Archive for Questioning

Why unbelievers will not go to hell

The British philosopher Bertrand Russell was once asked his response if, upon dying, God were to ask why he had not believed. Russell’s answer: “Not enough evidence, God! Not enough evidence!” He raises an interesting question: why are we obliged to believe if we do not think that the evidence supports it?

The emphasis on belief is peculiar to theistic religions. The common question in the West is “what are your religious beliefs?”. It would seem that a more pertinent question would relate to one’s spiritual practices or views. After all, there is more to religion than sitting quietly in a corner and believing something. Surely it is more important to love thy neighbour, practise forgiveness, speak the truth and give generously. These things have a much greater effect in the world.

People hold many views on how the universe was created, how humans came about, and the role of God and whether he exists. Some of these views may be wrong, and they may be many different perspectives on the same thing. In Good Company, there is a story of an elephant who appears in a village inhabited mainly by blind people. Each wanted to experience the elephant, but of course each touched a different part.

The one who felt the foot said an elephant was a pillar, the one who had felt the tail said it was like a stick, and so it went on with the ears, trunk, tusks, fat belly, etc. Each person described it according to the type of experience to which they could relate it. Then they started arguing. ‘Yours was not the proper elephant, yours was illusion, mine is the only real one, etc.’ Later on the mahout told them, ‘You cannot have a complete picture of the elephant. All you can do is put together all your different experiences of “elephant”, and out of these experiences you can imagine a novel creature known as “elephant”. But it is the sum of all these parts and something more, which represents the wholeness of the creature known as “elephant”.’

Like the blind men and the elephant, it is easy for us to disagree about the nature of the universe or a concept such as God, even if we are all talking about the same thing. Does this disagreement matter?

At the end of the day, I do not think we will go to heaven based on our understanding of metaphysics. Our religious beliefs are not a strong indicator of our character. The Truth is beyond our comprehension, and there is no shame is saying that we do not know, or in saying, as Russell said, “Not enough evidence, God! Not enough evidence!” If we are to judge our character, it should not be based on our beliefs in God, a soul, or life after death. Instead, it should be based on who we are, how we treat others, and how we live our lives. It is qualities such as honesty, integrity, and love, that will determine our final destination.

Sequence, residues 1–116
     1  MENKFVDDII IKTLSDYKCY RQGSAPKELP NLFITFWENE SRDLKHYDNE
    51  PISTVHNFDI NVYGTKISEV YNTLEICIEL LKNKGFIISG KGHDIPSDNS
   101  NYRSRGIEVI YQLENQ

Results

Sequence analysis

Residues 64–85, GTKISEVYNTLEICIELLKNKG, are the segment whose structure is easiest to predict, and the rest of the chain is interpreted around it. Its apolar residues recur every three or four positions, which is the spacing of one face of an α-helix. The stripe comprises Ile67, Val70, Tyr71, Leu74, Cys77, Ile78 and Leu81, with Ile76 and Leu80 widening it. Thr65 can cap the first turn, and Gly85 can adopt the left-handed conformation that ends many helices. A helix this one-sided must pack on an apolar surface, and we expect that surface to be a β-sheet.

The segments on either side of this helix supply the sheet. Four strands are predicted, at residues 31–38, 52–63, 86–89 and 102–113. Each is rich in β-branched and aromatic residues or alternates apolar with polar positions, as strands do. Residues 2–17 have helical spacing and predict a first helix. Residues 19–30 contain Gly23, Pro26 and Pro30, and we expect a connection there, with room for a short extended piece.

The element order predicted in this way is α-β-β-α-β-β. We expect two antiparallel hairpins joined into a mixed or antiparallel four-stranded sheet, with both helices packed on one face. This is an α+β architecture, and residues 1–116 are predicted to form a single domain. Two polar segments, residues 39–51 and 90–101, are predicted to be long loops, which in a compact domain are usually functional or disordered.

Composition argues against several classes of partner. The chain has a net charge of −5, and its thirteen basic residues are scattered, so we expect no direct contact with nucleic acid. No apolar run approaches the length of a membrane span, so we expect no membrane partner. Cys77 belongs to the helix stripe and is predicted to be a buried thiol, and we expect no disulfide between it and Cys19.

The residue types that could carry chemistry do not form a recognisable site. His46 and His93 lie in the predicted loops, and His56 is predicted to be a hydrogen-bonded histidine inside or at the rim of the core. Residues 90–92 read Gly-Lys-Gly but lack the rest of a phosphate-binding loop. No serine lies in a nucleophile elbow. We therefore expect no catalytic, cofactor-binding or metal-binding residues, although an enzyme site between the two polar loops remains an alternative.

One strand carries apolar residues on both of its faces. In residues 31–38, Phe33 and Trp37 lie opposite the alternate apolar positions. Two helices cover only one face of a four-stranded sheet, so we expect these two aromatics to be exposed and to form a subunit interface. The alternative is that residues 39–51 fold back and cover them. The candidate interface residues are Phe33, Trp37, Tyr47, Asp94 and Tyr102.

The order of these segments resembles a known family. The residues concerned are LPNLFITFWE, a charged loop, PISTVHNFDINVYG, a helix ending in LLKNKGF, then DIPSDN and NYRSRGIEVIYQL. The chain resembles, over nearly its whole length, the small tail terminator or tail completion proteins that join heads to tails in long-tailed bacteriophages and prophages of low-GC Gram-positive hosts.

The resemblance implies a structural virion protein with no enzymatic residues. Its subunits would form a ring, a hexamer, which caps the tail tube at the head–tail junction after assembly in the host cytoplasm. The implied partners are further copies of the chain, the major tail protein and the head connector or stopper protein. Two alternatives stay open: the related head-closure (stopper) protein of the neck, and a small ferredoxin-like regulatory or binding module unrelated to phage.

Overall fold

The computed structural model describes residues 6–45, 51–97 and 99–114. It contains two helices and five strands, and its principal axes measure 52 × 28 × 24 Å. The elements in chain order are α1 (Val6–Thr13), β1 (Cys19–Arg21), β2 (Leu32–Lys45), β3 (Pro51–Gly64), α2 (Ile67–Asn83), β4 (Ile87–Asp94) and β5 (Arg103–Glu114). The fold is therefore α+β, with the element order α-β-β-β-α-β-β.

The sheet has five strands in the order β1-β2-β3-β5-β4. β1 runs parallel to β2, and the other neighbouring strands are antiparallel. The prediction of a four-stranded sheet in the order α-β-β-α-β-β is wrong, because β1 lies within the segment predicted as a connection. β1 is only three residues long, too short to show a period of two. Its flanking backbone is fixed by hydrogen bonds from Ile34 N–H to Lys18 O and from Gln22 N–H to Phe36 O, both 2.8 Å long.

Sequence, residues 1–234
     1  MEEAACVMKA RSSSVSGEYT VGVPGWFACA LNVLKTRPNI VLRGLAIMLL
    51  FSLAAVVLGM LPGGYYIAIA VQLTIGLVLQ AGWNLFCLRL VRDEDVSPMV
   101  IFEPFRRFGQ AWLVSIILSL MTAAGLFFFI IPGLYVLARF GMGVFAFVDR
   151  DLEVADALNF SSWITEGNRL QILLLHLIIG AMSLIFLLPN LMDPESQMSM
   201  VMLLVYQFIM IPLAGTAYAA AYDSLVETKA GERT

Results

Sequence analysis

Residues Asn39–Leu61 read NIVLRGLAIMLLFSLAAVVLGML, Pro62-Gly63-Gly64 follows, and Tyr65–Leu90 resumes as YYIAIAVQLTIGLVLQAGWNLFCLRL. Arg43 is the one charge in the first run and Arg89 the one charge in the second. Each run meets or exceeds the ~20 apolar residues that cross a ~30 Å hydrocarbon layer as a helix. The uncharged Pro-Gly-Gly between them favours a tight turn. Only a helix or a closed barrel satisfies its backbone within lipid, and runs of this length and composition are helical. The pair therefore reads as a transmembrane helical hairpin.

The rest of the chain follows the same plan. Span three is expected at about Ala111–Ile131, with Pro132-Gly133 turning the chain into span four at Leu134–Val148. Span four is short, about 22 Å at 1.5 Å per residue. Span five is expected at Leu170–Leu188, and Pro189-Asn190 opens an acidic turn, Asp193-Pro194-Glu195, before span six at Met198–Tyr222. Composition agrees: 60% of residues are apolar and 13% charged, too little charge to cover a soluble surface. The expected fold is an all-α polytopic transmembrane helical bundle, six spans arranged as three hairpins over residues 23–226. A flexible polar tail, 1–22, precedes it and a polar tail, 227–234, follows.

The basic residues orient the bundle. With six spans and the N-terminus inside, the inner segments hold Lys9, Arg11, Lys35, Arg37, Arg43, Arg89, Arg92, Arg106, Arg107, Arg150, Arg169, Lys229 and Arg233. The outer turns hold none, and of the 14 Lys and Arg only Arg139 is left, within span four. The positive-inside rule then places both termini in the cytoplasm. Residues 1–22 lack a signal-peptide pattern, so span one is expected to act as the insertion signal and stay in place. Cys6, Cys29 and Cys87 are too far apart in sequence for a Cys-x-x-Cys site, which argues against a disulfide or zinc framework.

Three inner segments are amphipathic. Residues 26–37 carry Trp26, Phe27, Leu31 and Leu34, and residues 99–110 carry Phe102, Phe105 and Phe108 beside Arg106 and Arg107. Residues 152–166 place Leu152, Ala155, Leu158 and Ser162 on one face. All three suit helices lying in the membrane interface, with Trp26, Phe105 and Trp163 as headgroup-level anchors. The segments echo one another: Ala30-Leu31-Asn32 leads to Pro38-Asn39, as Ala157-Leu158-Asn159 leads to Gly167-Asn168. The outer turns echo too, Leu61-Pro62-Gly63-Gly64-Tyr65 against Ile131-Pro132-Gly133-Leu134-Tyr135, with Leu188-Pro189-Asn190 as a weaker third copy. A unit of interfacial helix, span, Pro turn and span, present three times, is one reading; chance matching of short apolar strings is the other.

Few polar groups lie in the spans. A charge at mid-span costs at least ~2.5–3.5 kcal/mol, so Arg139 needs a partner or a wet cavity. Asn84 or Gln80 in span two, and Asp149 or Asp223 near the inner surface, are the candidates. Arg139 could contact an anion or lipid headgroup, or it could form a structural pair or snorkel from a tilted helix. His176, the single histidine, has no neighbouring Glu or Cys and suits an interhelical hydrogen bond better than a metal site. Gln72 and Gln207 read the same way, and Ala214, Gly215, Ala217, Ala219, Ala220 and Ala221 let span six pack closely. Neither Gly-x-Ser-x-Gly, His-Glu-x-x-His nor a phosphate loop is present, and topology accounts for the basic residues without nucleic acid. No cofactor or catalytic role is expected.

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Spirituality for smart people

The title of this article is paraphrased from Steve Pavlina’s Personal Development for Smart People.This recently published book is in close alignment with the values of this site, and indeed the final chapter is devoted to spirituality. Throughout the book, Steve challenges us to be honest with ourselves and to face the realities of how we live and where our path is taking us. For those of us truly committed to growth, this book is highly recommended.

Steve strikes to the heart of spiritual inquiry when he declares that “a sound spiritual philosophy must be rooted in truth”, and that we must “strive to perceive reality as accurately as possible”. People so often choose their beliefs based on what is convenient and appealing, or by following their family and society at large. Yet beliefs can only be based on one guiding principle, and that is the principle of truth. Therefore, we must have the courage to strike out on our own and discover what we truly align with. We must recognize, as Steve says, that “there’s only one true authority in your life, and it’s you”. These principles – truth, courage, and authority – are just three of the seven principles described in the book, and together they empower us to tackle every area of our lives.

Steve also discusses the importance of exploring different belief systems and considering unfamiliar perspectives. When our goal is open-minded spiritual inquiry, it is clearly foolish to limit our perspectives to the few belief systems with which we are familiar. In the past, religions have sometimes warned against exploring other faiths. Such an approach is based on insecurity: we are afraid that by considering other beliefs, we will realize that our own beliefs are wrong. However, remembering that our primary goal is the pursuit of truth, this possibility should excite us rather than scare us.

Perhaps this fear of discovering our own beliefs are wrong results from a discordance from the principle of power. Our beliefs do not define us, and “one of the most empowering choices you can make is to decouple your spiritual beliefs from your identity”. As Steve points out, this does not only limit our ability to grow, but it also makes it harder for us to connect with people who hold different beliefs. Rather than holding to ideas such as “I am a Christian”, or an agnostic, or whatever, we must examine reality from multiple viewpoints, making it easier to see the big picture.

These lessons are not restricted to spirituality. They are representative of Steve’s approach to all personal growth. Be it our spirituality, our finances, our relationships, or our health, we are foolish to limit our thought to fixed preconceptions, and we must have the courage to be honest with ourselves and to seek out the truth. Steve challenges us to explore different viewpoints and to rethink every area of our life. More importantly, he teaches us how to do this rethinking.

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